Thursday, 11 April 2013

Too much politicians.

Note that the title reads too much politicians.  You can't in my view have too much politics, if by that we mean discussion of ideologies and polices rather than who is up and who is down which regrettably often passes for politics these days.

On BBC2's "Newsnight" programme last night it was pointed out that, when Winston Churchill died, there were just four speeches in the House of Commons: one by each of the three party leaders, and the other, I think, but the longest serving MP.

Yesterday both Houses of Parliament met, at our expense, since MPs are still enjoying their Easter holidays, so if they had to travel to Westminster they would have done so using their "free at the point of use" First Class railway privileges. Members of the House of Lord have to pay up front, but are then able to claim back. (They may also have claimed  their £300 per day attendance allowance:  it truly is a different world.)

And to what purpose, other than to indulge in navel gazing and posturing about Margaret Thatcher which may interest them but I suspect is now a mater (sic?) of indifference to the bulk of the public?

The press is no better.  Today's Guardian, four days after her death, has 11 "news" pages, two comment pages and their first leader devoted to Mrs Thatcher.  This morning's BBC news told us of yet further details which have "emerged" about her funeral and, for the umpteenth time, that the Queen and Duke of Edunburgh would be attending (a mistake, in my view, on the part of the Windsors).  The only new informatiaon was that the President of Argentina won't be invited, but we might have guessed that.

So far this week I have attended two events involving lots of others.  The first was on Monday evening, when our choral society meets for rehearsals. As a political anorak, and since this was the day of her death, I expected a buzz of conversation and comment on the topic.  Not a word.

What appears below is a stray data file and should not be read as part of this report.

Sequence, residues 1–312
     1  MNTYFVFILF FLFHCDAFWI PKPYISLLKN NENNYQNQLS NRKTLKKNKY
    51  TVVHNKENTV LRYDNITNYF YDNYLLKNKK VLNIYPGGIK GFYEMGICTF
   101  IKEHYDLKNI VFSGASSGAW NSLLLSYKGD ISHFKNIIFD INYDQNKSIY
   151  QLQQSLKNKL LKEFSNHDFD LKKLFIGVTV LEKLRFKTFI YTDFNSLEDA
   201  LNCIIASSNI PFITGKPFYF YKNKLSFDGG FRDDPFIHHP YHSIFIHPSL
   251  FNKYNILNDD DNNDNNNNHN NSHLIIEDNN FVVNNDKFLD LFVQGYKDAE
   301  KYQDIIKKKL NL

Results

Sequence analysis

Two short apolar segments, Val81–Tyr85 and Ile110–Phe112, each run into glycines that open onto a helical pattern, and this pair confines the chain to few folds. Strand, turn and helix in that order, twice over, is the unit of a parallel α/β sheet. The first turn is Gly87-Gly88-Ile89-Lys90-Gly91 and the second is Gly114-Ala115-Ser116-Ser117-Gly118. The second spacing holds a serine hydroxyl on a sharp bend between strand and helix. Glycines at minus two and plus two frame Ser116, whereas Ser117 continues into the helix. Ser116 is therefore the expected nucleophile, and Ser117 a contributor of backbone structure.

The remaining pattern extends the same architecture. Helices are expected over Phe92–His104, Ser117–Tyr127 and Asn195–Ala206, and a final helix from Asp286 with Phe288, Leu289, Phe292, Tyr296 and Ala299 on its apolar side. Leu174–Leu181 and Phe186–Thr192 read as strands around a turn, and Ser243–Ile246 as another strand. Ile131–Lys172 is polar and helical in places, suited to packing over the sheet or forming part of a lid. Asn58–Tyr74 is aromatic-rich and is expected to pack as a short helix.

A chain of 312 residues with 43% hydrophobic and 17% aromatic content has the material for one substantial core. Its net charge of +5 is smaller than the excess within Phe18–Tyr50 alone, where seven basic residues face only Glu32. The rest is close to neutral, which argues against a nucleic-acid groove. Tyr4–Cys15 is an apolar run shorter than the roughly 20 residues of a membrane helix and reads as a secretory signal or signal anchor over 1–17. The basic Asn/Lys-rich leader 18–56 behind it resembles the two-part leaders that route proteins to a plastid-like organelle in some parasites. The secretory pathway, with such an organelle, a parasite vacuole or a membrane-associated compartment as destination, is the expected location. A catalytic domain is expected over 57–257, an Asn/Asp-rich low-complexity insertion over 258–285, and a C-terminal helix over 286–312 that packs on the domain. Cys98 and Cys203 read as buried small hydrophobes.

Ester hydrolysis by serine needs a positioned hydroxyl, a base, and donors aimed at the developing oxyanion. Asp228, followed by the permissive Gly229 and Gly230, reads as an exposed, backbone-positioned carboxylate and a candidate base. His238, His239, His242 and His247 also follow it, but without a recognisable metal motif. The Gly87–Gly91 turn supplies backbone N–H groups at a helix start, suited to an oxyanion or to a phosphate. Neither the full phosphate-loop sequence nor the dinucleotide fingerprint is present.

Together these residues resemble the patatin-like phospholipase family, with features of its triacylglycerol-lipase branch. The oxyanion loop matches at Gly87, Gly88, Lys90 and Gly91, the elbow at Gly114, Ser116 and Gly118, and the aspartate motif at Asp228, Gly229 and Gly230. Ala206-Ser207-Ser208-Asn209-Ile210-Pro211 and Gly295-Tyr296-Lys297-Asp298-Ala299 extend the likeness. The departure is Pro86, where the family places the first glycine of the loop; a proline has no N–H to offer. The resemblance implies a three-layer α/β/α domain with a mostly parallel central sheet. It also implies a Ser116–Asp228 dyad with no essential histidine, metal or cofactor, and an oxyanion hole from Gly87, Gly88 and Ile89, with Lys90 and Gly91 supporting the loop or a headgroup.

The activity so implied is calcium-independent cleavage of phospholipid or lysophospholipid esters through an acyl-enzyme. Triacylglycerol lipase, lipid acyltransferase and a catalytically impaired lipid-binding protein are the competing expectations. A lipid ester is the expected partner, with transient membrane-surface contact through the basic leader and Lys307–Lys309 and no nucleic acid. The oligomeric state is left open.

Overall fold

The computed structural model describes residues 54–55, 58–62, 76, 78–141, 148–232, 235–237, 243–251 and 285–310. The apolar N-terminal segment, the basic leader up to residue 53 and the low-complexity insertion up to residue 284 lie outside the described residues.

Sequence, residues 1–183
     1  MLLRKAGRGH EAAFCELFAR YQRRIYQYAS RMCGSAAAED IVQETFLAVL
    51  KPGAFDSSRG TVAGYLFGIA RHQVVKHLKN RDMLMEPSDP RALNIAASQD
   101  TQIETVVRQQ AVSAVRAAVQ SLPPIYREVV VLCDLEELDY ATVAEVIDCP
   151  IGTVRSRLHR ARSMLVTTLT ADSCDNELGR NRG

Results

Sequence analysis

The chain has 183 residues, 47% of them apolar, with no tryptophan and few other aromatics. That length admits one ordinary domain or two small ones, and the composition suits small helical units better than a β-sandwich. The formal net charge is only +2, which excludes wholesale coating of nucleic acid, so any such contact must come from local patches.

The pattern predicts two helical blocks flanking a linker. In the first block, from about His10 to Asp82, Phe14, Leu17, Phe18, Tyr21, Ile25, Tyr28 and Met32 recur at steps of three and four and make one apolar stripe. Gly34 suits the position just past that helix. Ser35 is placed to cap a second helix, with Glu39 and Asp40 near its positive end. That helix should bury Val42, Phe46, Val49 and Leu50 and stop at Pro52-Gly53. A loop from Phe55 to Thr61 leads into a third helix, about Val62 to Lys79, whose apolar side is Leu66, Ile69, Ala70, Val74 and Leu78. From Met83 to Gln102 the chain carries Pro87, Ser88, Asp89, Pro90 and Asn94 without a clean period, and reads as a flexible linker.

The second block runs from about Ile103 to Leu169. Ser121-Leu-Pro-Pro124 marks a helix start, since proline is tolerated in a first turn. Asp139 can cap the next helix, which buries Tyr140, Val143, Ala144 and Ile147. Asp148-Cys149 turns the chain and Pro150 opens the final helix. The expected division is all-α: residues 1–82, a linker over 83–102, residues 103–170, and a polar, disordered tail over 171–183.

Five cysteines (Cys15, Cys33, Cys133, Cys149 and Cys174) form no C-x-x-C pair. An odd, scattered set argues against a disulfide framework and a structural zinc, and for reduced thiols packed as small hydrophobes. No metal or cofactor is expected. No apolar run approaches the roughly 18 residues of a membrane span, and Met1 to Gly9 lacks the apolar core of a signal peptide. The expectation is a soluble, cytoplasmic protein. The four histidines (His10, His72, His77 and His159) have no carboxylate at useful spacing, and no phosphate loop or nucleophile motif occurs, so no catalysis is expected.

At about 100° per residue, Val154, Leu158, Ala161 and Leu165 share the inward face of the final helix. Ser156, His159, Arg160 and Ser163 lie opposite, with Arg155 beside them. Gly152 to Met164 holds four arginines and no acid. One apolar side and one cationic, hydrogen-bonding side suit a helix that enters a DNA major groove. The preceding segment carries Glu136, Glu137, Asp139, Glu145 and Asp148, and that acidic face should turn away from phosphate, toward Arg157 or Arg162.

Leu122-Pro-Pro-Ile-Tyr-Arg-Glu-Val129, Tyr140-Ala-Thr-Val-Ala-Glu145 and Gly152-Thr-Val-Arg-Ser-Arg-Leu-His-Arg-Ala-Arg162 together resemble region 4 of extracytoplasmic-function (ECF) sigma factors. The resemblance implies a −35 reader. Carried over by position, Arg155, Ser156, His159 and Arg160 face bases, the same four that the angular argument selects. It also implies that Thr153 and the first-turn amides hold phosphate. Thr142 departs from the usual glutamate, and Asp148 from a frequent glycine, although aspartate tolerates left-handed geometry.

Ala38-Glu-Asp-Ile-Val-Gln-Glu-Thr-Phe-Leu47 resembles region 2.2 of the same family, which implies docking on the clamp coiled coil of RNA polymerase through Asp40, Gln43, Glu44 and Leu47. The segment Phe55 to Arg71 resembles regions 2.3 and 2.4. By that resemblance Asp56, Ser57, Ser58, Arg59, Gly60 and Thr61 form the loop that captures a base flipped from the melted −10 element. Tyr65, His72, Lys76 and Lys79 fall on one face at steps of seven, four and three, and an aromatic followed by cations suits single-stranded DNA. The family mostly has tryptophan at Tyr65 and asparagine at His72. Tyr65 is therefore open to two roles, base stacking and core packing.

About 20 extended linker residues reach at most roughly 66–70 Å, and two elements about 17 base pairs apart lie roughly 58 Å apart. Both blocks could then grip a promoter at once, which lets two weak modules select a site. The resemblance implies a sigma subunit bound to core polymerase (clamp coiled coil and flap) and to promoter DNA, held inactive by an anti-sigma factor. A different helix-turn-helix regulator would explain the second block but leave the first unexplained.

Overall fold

The second was on Tuesday for our monthly lunch for superannuated former Scout leaders.  Here I must confess it was mentioned once, towards the end, when the son of one of we superannuated asked the older man on his right if he was "going to the funeral."   The poor man looked surprised, obviously thinking that yet another of our number had "gone home" * but, when it was pointed out that it was a reference, presumably a joke,  to events in London, dismissed the idea indignantly.

The whole thing has got vastly out of proportion. Clearly our politicians and press really do live in a bubble of their own, far removed from the everyday interests and concerns that occupy the overwhelming majority of us.

Margaret Thatcher was a lucky politician.  Today's leading Tories probably thank her for this final stroke of luck by which her demise pushes news and comment on the draconian reductions in help to the least privileged in our society  from the front pages.

*  "I have gone home" is the Scouts' euphemism for death, and arises from the tracking sign of a circle with a dot or stone in the middle which signals the end of the trail.

Other such euphemisms are "to be gathered" which I believe is Scottish and which I picked up from Ludovik Kennedy's (an enthusiastic Liberal) book on euthanasia, and, my favourite, the Salvation Army's "Promoted to Glory."

A friend of mine who was an Anglican priest insisted on having on his funeral service sheet a cartoon of a postman and the caption "Return to sender."

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